Upon my arrival, I was a bit surprised by the office's appearance. Don't get me wrong. I wasn't expecting some ancient, bearded Asian man with a pipe in hand turning needles over a fire in a dark, incense-filled room, but I hadn't anticipated it to be so clinical like, either. Dr. Park's office was small but comfortable and very clean. He had a kind demeanor and spoke enough English to discuss my medical problems.
After I told him that I had been having strange pains in my abdomen for some time, he assessed the pulses in my arms and legs, the most important diagnostic technique
in Chinese medicine. After determining the pathogens and imbalances present in my body through my pulses, the doctor prepared instruments for my acupuncture session.
I don't mind needles so much, but I was somewhat apprehensive about having a number of them in my body at one time. To my surprise, however, this never happened during my session, as Dr. Park's acupuncture method involves the use of a single pen-like device in which he lightly pokes the hair-thin, stainless steel needles into a variety of points along the body's lines to relieve the obstructions of energy flow. I barely felt the needles and I found it interesting that he used points in my elbow, thumb, big toe, and calf to fix a stomach problem, but he seemed to know what he was doing. Plus, these techniques have been used for thousands of years, so who was I to argue? The entire treatment took a total of about five minutes.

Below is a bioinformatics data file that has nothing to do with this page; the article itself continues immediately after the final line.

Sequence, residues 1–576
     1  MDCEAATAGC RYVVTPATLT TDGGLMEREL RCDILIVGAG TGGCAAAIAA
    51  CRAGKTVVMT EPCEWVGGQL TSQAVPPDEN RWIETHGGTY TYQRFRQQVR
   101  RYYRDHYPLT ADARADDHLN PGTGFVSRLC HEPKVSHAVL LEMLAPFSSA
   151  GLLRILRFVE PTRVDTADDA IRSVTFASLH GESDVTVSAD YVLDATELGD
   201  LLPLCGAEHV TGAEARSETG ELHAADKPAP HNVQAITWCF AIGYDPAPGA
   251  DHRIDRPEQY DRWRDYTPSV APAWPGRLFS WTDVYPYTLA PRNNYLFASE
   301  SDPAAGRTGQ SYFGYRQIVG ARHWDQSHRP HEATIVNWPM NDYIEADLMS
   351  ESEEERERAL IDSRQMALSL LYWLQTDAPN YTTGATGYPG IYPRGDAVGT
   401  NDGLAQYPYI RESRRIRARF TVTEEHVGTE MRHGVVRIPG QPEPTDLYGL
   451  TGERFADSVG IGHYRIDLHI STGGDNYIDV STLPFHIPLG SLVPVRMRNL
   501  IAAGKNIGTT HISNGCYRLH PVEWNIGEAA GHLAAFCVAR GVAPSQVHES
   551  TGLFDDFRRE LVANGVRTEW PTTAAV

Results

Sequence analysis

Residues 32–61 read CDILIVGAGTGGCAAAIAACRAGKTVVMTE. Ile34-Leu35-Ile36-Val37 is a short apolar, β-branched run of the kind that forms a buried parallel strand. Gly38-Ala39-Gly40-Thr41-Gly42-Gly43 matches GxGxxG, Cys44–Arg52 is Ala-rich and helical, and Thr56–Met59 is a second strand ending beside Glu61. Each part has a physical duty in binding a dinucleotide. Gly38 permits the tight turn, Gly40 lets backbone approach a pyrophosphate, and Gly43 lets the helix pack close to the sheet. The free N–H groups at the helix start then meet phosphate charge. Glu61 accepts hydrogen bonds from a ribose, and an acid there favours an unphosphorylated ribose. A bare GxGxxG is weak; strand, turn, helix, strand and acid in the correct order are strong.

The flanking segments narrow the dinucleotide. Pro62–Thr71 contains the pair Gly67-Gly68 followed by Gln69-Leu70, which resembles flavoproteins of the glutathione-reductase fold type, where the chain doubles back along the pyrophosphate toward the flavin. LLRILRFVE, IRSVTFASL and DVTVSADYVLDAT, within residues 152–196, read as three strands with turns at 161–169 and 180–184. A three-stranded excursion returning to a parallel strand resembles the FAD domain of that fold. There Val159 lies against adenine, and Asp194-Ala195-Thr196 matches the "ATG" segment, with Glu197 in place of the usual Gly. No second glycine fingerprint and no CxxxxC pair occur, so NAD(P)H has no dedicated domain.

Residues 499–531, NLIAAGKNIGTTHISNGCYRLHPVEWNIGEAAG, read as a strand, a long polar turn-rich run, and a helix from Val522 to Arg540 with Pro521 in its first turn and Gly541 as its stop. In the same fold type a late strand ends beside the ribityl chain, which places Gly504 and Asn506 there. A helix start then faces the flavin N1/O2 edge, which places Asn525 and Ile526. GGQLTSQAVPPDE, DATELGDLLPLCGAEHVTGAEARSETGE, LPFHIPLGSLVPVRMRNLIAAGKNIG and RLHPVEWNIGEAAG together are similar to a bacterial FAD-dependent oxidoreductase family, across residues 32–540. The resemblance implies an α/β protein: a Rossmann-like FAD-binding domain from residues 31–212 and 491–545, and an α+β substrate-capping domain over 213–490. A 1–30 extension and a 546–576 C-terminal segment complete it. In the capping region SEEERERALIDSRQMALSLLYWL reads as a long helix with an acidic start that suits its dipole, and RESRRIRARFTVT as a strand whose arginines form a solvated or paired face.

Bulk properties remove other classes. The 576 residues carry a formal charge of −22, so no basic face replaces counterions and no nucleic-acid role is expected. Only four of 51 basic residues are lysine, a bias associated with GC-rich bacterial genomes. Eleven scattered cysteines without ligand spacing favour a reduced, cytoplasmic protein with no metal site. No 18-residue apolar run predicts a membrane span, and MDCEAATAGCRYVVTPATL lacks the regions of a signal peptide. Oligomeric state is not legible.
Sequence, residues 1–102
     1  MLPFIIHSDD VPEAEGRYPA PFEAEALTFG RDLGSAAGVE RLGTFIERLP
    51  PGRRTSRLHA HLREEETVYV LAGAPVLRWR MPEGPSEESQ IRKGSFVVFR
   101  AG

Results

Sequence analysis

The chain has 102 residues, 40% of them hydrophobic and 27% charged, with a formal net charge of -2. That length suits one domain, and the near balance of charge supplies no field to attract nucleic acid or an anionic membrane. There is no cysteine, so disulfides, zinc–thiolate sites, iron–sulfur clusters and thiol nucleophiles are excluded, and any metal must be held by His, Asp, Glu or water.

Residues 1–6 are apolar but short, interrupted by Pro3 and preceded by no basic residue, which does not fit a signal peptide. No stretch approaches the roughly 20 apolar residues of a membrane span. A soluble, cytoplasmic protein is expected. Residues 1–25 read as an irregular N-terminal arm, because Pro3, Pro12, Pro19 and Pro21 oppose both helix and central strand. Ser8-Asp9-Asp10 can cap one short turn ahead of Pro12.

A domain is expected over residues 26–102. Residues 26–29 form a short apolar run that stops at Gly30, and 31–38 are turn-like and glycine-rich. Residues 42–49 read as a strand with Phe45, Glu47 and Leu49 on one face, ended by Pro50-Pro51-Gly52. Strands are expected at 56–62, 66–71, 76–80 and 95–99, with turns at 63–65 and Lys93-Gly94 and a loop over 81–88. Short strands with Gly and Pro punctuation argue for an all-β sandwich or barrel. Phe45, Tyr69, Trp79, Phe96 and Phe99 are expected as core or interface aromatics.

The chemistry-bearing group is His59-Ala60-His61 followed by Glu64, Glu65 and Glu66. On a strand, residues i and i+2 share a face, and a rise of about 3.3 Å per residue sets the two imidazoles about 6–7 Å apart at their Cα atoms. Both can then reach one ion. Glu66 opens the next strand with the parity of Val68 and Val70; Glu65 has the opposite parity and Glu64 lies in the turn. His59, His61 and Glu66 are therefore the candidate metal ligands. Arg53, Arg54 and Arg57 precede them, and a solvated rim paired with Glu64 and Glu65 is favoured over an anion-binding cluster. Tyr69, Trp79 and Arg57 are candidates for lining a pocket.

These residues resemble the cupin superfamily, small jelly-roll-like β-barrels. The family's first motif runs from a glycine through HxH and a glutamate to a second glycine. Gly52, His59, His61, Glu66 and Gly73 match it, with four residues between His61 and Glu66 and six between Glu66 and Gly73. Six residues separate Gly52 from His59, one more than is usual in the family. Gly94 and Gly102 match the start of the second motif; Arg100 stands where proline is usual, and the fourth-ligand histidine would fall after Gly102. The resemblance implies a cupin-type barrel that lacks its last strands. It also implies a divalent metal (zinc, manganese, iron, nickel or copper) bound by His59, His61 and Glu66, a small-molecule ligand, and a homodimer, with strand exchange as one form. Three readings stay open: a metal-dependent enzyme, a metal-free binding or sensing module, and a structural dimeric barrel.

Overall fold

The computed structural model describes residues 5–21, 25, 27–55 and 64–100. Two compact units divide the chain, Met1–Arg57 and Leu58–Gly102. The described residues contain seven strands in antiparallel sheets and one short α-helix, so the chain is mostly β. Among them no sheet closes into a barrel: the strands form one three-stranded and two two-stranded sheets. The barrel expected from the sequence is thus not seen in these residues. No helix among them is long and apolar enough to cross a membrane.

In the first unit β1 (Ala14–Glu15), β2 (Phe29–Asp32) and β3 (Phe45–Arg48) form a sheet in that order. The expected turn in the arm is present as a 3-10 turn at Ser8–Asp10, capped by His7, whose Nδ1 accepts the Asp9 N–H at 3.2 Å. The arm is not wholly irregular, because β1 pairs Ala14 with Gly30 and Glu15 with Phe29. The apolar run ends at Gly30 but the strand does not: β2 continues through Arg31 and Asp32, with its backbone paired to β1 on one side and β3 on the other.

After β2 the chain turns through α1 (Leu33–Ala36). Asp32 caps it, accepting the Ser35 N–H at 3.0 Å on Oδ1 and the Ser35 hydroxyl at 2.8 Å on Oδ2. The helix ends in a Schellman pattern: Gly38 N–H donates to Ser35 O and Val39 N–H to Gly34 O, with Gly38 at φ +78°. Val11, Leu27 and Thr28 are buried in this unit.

Earlier this month, I was struck with a stomach ailment that I originally thought was appendicitis. After dropping about $500 in the emergency room at Seoul National University Hospital, I was told that all of my tests had returned normal. After spending even more in their clinic on a return visit and some further tests to ensure I didn't have cysts, my boss recommended that I try traditional Chinese medicine. Somewhat skeptical but intrigued, I agreed to join her on a trip to Seomoon Oriental Medical Clinic to have a consultation with Dr. Jin-il Park.